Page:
Andy Warhol and Edie Sedgwick on ‘The Merv Griffin Show,’ 1965


 
Merv Griffin was always known for having slightly more outre guests than most of the other daytime talkshows of his era, but this October 6, 1965 interview with a nearly mute Andy Warhol and a much more talkative Edie Sedgwick must’ve been quite perplexing to American housewives when it originally aired.
 

Written by Richard Metzger | Discussion
It Girl: Life-size zombie Edie Sedgwick sculpture
06.08.2012
09:29 am

Topics:
Art
Fashion
Pop Culture
Superstar

Tags:
Edie Sedgwick
Zombies


 
Although it doesn’t explicitly say so anywhere, it seems pretty obvious to me that this life-size sculpture “Broken girl” by Adnagaporp is meant to be Warhol Superstar Edie Sedgwick. 

Well, a zombie Edie, anyway.
 

 

Written by Tara McGinley | Discussion
Bob Dylan’s ‘screen test’ at Andy Warhol’s Factory, 1965


Dylan, Warhol and Elvis, photo by Nat Finkelstein

Famous visitors and “beautiful people” with “star potential” who visited Andy Wahol’s Factory studio in the 1960s were often shot for Warhol’s “screen tests,” his silent “parodies” of the Hollywood studio system. No one was really auditioning for anything, it was just an excuse to run a single reel of 16mm film through his Bolex camera and engage someone in a staring contest with it, one they normally lost (after a minute or so of trying to look “cool,” the mask was normally dropped and the simple portraits become quite revealing). The two and a half minute reels were then slowed down and printed.

Some of the more notable subjects included Italian model Benedetta Barzini, model/actrress Marisa Berenson, poet Ted Berrigan, Salvador Dalí, Donovan, Marcel Duchamp, Mama Cass, Allen Ginsberg, Beck’s mother, Bibbe Hansen, Baby Jane Holzer, Dennis Hopper, actress Sally Kirkland, Nico, Yoko Ono, Lou Reed, photographer Francesco Scavullo, Edie Sedgwick, Susan Sontag, artist Paul Thek, Viva and Mary Woronov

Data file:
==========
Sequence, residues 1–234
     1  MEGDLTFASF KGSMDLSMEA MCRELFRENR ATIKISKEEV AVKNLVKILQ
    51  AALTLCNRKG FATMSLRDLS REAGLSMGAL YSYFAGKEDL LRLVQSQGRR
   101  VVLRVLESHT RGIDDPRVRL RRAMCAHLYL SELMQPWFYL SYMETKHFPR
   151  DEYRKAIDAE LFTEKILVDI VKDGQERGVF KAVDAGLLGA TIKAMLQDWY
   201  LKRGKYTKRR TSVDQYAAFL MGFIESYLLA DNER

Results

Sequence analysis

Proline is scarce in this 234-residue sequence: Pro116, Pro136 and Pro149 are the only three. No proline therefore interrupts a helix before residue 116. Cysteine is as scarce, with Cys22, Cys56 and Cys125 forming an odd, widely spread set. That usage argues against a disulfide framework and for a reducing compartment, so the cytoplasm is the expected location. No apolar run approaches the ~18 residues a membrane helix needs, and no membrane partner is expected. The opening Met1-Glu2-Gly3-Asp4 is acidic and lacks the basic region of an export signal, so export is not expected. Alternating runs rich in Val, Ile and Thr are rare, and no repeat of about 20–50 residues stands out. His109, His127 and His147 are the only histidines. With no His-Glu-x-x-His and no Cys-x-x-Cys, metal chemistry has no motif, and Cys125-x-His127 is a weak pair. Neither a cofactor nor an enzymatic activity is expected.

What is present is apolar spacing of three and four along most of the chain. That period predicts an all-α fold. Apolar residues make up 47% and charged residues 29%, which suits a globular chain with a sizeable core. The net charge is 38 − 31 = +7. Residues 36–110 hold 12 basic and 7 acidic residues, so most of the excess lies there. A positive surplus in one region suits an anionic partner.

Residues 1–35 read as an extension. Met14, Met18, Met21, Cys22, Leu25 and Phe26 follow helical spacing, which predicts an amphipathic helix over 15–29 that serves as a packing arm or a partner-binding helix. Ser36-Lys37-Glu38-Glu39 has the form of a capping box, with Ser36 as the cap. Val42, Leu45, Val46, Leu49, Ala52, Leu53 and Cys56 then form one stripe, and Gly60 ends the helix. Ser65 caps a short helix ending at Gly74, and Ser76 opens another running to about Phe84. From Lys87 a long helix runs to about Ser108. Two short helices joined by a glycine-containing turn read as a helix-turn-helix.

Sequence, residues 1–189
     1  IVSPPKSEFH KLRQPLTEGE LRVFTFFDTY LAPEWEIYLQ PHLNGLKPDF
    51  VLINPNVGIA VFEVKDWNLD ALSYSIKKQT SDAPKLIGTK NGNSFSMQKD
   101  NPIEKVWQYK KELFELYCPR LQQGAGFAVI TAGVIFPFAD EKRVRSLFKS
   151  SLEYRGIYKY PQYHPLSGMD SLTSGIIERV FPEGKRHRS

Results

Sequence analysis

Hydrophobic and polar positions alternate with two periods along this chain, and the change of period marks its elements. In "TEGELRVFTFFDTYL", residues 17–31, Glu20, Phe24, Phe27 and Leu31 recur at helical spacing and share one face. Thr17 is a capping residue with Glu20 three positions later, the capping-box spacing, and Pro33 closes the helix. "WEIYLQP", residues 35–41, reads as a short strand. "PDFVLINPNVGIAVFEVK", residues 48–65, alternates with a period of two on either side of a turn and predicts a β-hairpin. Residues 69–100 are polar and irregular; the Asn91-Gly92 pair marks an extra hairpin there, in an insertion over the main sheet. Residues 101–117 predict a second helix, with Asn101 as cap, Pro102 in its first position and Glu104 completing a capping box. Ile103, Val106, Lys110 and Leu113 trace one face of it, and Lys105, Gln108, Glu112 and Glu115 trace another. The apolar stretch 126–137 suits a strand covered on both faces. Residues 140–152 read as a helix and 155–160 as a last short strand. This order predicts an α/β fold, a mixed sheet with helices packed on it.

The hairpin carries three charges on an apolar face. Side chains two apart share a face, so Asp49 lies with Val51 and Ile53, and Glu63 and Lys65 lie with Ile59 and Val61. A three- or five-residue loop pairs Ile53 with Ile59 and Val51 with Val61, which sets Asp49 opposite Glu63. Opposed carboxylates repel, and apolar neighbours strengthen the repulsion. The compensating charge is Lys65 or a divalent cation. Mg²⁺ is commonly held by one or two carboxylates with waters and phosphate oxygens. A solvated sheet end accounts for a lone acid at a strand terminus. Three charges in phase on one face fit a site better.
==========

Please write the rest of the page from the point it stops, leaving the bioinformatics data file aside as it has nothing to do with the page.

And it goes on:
When Dylan stopped by the tin-foil covered Factory, he is alleged to have taken an immediate dislike to Warhol and the “phonies” of his entourage. It has long been suspected that the spitting lyrics of “Like a Rolling Stone,” in part, describe Dylan’s feelings about Warhol—was he “the diplomat on the chrome horse”?—and how he felt about the artist’s perceived exploitation of Edie Sedgwick, who Dylan was at one point romantically involved with (and who was his muse for some of Blonde on Blonde).

After the screen test was shot, Dylan grabbed a large silkscreen (as “payment”) that Warhol was going to give him anyway and headed for the door (before allegedly strapping the canvas to the roof of a station wagon). Such was his dislike of the artist that he later traded the piece to his manager, Albert Grossman, for a couch. That silkscreen, “Double Elvis,” is now part of the permanent collection at MOMA.

Here’s Factory photographer Nat Finkelstein’s account of what happened:

“Andy gave Bobby a great double image of Elvis. Bobby gave Andy short shrift. Shooting and plundering finished, the Dylan gang headed for the door, me and my Nikon on their heels. They left as they had entered…‘Bobby the Waif’ emerging as ‘Robert the Triumphant’. They departed having tied the Elvis image to the top of their station wagon, like a deer poached out of season. Much later, Bobby told me he’d traded the Elvis (now worth millions) to his manager Albert Grossman for a couch!”

 

Written by Richard Metzger | Discussion
Factory Photographer Nat Finkelstein Dies

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Nat Finkelstein, “court photographer” from ‘64 to ‘67 for Andy Warhol‘s Factory has died at his home in Shandaken, New York:

Mr. Finkelstein created spontaneous portraits not only of Factory regulars like Edie Sedgwick and Gerard Malanga but also of the artists and celebrities who drifted in and out of the Warhol orbit.  He was on hand when Warhol presented Bob Dylan with one of his Elvis ?

Written by Bradley Novicoff | Discussion